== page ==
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Resource Center


Navigating the Free Application for Federal Student Aid Process (FAFSA)


The heavy burden of student loan debt that so many people in our country face is always in the news, so new students and their parents know exactly how important it is to minimize their costs. Obtaining financial aid is dependent upon filling out the Free Application for Federal Student Aid, which means there is a lot of pressure surrounding the task of filling it out correctly.

The first thing you should know is that the form is very important, and you should fill it out no matter what. This may seem obvious, since it is required for anyone who hopes to receive federal loans or grants or who may be admitted to a work-study program, but a surprising number of students do not submit the application at all.

“Unfortunately, the standard FAFSA has over 100 questions asking for everything from your net worth to your parents’ assets, causing many overwhelmed students to never complete it,” says Alexandra Rice for U.S. News & World Report.

The length of the application isn’t the only reason students might forgo submitting it. One of the most common reasons is that students think their parents’ income level is too high to qualify for financial aid.

“This is a costly misconception,” states Rice. “It’s important to be aware that many colleges offer merit-based aid that doesn’t even consider financial need; it’s based on achievements such as grades, SAT scores or athletics. In other words, the amount of money your parents make doesn’t matter for this type of aid, but you can’t get it if you don’t fill out the form.”

So when it comes time to fill out your FAFSA application, you should be aware of some of the most important questions and answer them carefully to help ensure you get the most aid that you are entitled to.

Kim Clark from Time Inc.’s points to questions 24 and 25, which deal with the education level of your parents.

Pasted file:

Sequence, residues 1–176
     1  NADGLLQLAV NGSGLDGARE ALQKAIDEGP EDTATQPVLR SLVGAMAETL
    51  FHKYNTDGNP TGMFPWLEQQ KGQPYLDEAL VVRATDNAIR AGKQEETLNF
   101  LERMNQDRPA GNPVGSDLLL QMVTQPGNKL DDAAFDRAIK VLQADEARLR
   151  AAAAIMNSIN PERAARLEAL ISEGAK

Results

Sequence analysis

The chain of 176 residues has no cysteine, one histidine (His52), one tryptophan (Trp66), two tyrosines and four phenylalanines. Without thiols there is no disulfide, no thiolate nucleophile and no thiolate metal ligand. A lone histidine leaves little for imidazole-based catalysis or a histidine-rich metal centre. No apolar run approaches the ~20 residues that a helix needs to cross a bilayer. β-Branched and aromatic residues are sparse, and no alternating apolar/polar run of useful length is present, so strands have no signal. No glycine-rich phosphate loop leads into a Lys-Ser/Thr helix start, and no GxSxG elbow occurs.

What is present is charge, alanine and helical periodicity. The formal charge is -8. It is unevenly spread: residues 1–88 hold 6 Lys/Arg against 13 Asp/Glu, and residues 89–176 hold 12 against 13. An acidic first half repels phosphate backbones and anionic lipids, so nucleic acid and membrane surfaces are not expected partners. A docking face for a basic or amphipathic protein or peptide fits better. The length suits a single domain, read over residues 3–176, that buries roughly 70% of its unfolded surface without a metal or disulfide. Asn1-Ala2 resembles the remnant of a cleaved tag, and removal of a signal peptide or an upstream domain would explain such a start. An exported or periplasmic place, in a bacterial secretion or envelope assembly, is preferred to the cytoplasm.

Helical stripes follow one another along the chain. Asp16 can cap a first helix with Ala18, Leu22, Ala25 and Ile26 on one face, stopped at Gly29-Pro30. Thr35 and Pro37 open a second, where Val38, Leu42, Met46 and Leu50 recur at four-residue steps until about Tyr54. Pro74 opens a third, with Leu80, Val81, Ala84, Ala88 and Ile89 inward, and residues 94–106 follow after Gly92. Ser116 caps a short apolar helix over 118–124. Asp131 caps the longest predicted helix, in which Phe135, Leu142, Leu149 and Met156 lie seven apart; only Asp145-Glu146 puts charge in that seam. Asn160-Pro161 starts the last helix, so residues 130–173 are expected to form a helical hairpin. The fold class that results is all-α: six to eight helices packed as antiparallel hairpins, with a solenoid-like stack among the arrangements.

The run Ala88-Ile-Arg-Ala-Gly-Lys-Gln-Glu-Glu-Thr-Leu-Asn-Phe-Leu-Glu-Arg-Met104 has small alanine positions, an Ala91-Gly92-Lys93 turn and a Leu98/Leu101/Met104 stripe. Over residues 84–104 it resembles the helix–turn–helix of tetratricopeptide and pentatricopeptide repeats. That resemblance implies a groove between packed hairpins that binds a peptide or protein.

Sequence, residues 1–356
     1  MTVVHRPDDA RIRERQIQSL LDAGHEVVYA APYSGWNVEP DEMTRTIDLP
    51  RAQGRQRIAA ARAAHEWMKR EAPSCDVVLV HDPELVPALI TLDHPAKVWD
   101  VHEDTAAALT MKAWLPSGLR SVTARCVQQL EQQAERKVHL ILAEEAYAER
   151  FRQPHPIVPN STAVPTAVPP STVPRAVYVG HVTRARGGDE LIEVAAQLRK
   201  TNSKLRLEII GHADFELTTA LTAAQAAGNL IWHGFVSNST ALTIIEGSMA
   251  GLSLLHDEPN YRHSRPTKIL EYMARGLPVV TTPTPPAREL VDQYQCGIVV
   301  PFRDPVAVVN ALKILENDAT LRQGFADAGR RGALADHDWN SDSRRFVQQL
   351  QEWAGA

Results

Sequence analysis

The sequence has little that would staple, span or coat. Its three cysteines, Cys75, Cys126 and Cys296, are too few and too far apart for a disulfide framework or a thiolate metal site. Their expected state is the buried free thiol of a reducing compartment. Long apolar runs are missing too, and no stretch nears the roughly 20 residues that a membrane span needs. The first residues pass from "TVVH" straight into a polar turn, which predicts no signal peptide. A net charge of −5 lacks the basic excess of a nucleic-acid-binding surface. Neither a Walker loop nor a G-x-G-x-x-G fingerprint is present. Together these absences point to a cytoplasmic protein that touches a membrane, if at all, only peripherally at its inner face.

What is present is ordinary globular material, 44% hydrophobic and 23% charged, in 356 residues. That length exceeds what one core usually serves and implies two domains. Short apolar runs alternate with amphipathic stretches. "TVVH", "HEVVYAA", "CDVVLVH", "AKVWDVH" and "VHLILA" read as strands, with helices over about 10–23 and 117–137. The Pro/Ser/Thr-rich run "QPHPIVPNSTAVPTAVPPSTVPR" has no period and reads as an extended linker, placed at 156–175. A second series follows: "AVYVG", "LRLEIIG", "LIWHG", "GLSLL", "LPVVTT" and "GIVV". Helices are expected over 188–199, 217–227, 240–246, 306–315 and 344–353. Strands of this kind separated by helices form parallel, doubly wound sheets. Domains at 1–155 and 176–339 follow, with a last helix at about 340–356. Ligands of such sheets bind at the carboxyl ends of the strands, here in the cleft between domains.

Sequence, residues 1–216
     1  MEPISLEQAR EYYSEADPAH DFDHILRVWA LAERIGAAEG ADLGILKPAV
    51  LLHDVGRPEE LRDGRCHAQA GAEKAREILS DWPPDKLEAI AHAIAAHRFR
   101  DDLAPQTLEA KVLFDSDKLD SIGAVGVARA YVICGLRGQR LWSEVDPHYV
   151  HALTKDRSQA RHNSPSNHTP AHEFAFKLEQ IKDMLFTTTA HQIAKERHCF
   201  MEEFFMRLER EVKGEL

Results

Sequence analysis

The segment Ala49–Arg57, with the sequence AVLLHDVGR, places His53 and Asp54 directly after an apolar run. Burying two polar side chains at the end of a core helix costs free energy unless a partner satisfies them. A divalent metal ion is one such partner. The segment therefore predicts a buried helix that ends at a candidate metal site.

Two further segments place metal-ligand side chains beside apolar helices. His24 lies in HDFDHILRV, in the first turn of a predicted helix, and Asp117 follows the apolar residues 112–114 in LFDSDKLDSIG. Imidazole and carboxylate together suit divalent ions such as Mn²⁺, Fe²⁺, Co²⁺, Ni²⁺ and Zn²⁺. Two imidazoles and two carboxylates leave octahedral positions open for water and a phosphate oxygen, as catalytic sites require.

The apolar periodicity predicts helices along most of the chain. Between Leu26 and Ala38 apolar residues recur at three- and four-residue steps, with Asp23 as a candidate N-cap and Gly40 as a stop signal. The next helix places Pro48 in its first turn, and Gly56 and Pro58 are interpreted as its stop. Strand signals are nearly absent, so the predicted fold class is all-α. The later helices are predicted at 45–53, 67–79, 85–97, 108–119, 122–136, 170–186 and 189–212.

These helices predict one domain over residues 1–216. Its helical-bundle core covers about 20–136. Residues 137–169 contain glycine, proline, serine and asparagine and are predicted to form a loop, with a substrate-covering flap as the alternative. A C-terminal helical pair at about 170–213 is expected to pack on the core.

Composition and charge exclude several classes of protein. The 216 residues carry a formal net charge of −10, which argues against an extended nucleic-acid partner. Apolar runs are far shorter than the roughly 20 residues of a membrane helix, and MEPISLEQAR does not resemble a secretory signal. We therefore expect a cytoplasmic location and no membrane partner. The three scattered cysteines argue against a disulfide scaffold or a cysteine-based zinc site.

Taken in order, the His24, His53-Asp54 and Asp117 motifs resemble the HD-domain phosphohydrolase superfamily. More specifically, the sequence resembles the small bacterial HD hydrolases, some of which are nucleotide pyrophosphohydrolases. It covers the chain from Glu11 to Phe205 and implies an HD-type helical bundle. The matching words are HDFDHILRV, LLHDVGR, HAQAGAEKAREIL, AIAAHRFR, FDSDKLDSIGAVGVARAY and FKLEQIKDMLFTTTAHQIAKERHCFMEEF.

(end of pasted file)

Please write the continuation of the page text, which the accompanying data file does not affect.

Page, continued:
“Don’t brag!” cautions Clark. “If either parent attended but did not graduate from college, then just click on high school. There are some extra scholarship programs for people whose parents never finished college.”

Question 31, dealing with work study, is another one to watch out for. You should answer yes regardless of whether or not you currently think you want to work while attending school. You aren’t obligated to take a work-study position even if you answer yes, and it keeps you in the running so your options are open when the time is closer and you can assess how you feel.

Not only do work-study jobs help you earn some money to put toward your tuition, but the income doesn’t impact your financial aid eligibility in future years. On the other hand, if you don’t try to gain a work-study position and later decide you need to work and take an off-campus job, those earnings could impact that future eligibility.

“Also, research shows that students who spend 10 to 15 hours a week on work-study jobs do better in college than those who don’t work,” states Rice.

Questions 41 and 42 deal with the student’s savings and investments, which have a big impact on how much aid you receive. It is important to pay extra attention to these questions in order to accurately calculate the exact sum of investments and savings that belong specifically to the student.

“Every dollar of savings in the student’s name reduces need-based aid by about 20 cents, while money in parents’ accounts — even if it’s designated for the student — reduces need-based aid by a maximum of 5.64 percent,” states Rice.

If you take the money that the student has saved up for college and contribute it to a 529 college savings account, you can make a big difference in how much need-based aid you are eligible for. This may seem strange, since that money is intended for the student to use during school, but 529 accounts are technically parental assets, which you will disclose in question 91.

“Notice that the question asks how much the student’s savings and investments are worth ‘as of today,’” states Rice. “That means you have until the day you fill out your FAFSA to move the student’s money into a 529.”

This brings us to question 91, which is where one of the most common and expensive mistakes can happen. That error is mistakenly reporting parental assets as too high by double reporting certain assets as being owned by both the parents and the child. If the student’s parents are divorced or if they meet other separation criteria, the student needs to include only the assets of the parent they live with most of the time.

Another important thing to keep in mind with this question is that retirement savings and the net value of your home are exempt according to FAFSA’s fine print. This means that while you do need to include the value of 529 savings accounts and other taxable investment accounts, you do not need to include pensions, 401(k)s, IRAs or the value of life insurance plans.

Even though college hasn’t started, this is one questionnaire that it truly pays to take seriously, so keep these tips in mind when it comes time to fill out your FAFSA application.